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Felony DUI Charges in Virginia

Any DUI case that is a 3rd offense within 10 years is considered a felony in Virginia. For this reason, if you are charged it is imperative that you understand exactly what you are facing and consult with an experienced Virginia DUI lawyer to assist in building your defense and minimizing the harm of your offense. To learn more, read this webpage, and consider calling our VA law offices to schedule a consultation with an attorney.

How Is The Process of a Felony DUI Case Different?

With felony DUI cases, the process is significantly different than for a misdemeanor DUI case. In a felony DUI case, the matter begins in the General District Court, but rather than be tried there as with the misdemeanor case, only a preliminary hearing is held in the General District Court. This is sometimes called a “probable cause hearing” and is for the purpose of determining whether there is sufficient evidence of the DUI for the case to go forward to trial in Circuit Court.

If the court finds that there is sufficient evidence, then it certifies the case to Circuit Court where the matter goes in front of a grand jury. The grand jury will then hear evidence in a closed meeting from the arresting office and, in most cases, issues an indictment. Once an indictment has been issued, the matter is set for trial. The person is typically arraigned prior to that time where the defendant will plead guilty or not guilty. There also may be any number of pre-trial motions that are filed and heard pre-trial, whereas with a misdemeanor these issues are generally raised during trial.

Ultimately, the felony DUI case is tried in Circuit Court and can be tried in front of a jury if requested. misdemeanor DUIs are always tried in front of a judge.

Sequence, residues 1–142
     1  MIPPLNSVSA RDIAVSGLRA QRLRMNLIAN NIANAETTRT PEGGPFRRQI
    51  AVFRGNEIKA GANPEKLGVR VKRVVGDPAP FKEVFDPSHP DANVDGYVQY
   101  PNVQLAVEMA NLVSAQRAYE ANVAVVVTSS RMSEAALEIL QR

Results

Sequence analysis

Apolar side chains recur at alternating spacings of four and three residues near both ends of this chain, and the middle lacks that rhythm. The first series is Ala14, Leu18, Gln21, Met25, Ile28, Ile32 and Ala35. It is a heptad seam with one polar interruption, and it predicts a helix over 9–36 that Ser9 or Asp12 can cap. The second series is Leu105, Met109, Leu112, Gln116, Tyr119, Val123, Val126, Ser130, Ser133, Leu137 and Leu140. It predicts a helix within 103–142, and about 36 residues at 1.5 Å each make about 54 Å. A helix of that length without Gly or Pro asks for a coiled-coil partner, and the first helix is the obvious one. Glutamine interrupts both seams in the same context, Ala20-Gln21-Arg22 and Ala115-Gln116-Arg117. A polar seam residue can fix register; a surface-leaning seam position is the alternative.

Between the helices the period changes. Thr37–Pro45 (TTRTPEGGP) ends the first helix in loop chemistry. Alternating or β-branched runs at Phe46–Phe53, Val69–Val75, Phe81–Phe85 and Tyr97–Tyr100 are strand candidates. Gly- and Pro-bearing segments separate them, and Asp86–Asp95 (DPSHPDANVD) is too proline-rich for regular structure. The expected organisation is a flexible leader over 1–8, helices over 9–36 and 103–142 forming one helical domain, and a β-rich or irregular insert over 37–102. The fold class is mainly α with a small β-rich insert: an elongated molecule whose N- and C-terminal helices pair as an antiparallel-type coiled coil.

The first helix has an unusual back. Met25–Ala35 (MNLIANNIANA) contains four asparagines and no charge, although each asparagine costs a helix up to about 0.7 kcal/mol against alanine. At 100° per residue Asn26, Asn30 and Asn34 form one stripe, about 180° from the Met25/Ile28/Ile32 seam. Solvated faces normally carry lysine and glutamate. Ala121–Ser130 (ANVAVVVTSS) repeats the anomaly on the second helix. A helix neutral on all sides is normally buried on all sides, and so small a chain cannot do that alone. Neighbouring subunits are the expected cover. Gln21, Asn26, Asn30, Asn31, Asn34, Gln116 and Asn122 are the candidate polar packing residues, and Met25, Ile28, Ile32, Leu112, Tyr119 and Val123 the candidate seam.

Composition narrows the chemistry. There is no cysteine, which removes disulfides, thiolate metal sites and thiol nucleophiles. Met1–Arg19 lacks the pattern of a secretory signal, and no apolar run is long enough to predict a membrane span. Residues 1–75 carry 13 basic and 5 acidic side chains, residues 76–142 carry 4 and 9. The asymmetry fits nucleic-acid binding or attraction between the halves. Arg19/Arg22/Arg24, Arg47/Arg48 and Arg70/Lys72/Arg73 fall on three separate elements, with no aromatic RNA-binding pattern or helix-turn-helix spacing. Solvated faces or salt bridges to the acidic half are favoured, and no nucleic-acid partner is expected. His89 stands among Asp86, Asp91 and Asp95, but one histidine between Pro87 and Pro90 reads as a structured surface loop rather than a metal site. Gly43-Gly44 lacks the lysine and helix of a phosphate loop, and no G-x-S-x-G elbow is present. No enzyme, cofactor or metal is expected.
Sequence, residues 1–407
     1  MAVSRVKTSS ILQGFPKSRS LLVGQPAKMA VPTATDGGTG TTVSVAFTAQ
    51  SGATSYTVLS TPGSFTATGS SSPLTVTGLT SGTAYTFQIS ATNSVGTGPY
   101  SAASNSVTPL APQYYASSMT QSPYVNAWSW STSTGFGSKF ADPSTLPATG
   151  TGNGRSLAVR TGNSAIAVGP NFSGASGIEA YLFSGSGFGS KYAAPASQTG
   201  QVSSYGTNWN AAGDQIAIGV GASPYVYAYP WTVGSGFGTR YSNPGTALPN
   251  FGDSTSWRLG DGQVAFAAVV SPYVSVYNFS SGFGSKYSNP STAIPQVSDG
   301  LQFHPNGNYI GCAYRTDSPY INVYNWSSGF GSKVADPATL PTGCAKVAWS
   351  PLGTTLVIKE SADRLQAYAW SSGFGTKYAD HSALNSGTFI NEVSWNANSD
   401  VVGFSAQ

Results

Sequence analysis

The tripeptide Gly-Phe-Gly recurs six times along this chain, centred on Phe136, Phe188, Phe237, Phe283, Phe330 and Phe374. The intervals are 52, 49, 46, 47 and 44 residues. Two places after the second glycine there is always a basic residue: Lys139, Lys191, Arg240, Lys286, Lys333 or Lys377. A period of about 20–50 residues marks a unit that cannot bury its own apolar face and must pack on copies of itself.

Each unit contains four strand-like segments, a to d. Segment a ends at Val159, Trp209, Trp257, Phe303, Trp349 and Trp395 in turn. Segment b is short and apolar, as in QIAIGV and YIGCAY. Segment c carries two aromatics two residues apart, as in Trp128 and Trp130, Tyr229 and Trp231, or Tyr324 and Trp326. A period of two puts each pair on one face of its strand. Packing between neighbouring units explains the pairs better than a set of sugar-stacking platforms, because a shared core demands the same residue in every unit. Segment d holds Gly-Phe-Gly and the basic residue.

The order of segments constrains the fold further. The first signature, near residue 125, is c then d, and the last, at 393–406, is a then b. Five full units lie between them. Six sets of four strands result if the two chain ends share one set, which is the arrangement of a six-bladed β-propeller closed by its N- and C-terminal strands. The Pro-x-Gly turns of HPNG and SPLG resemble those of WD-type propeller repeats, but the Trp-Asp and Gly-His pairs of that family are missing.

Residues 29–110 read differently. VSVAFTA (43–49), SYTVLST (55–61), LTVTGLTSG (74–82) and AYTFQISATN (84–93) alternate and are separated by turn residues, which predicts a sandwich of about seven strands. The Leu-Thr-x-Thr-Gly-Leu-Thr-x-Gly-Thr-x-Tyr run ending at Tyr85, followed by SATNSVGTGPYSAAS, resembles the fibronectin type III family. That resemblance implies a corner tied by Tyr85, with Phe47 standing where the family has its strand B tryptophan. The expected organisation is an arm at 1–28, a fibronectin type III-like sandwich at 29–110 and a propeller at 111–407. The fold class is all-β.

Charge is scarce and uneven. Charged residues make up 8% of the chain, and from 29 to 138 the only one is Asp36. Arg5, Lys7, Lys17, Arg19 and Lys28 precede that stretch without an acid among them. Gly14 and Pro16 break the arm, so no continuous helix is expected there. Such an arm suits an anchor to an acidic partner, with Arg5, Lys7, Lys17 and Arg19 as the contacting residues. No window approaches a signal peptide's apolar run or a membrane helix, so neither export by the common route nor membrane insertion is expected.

Why Does Having Experienced Legal Counsel Matter?

It makes a big difference to have experienced counsel in a felony DUI case. First, because the procedural aspects are very different. This is not a matter where everything is going to be tried on the same day in General District Court and many of the objections that can be raised will simply be raised during the trial.

In Circuit Court cases, many of the challenges have to be made by separate motion which is filed prior to the trial itself. In addition, because there’s the possibility of a jury being present, it’s critically important to have a lawyer that has experienced trying jury cases. The kinds of evidence that you present, the kinds of ways in which you attack the prosecution’s evidence, and the arguments that you make at the end of the day are actually quite different if they’re being directed to a jury as opposed to a judge.

What Are The First Steps You Take in a Felony DUI Case?

The very first step that I always take in a felony DUI case is to sit down with the accused and go through everything that they remember in as much detail as possible.

In the course of that, I take extensive notes and try to learn everything I can about the case. This is for two reasons:

  1. When I meet the client for the first time, they have a better memory of what happened that night than they ever will again in the future. This is the nature of the memory.
  2. The more information I have, the better able I am to craft the defense, be aware of particular the defenses which may arise in the case,  and then move forward with the plan of attack in the case.

The other thing that I like to do right away is to get a copy of the police complaint so that I can see exactly what the officer wrote on the criminal complaint that night. In some jurisdictions, I am able to get the copy of the police report at an early phase. All of these things provide me additional insight and information and the more information I have, the better able I am to craft the plan of attack for a particular case with particular facts.

It’s also important to look closely at the previous DUIs in a felony case since not every DUI conviction, and particularly not every out of state conviction, can be used to prove the prior convictions that are necessary for a finding of guilt in a felony DUI case.

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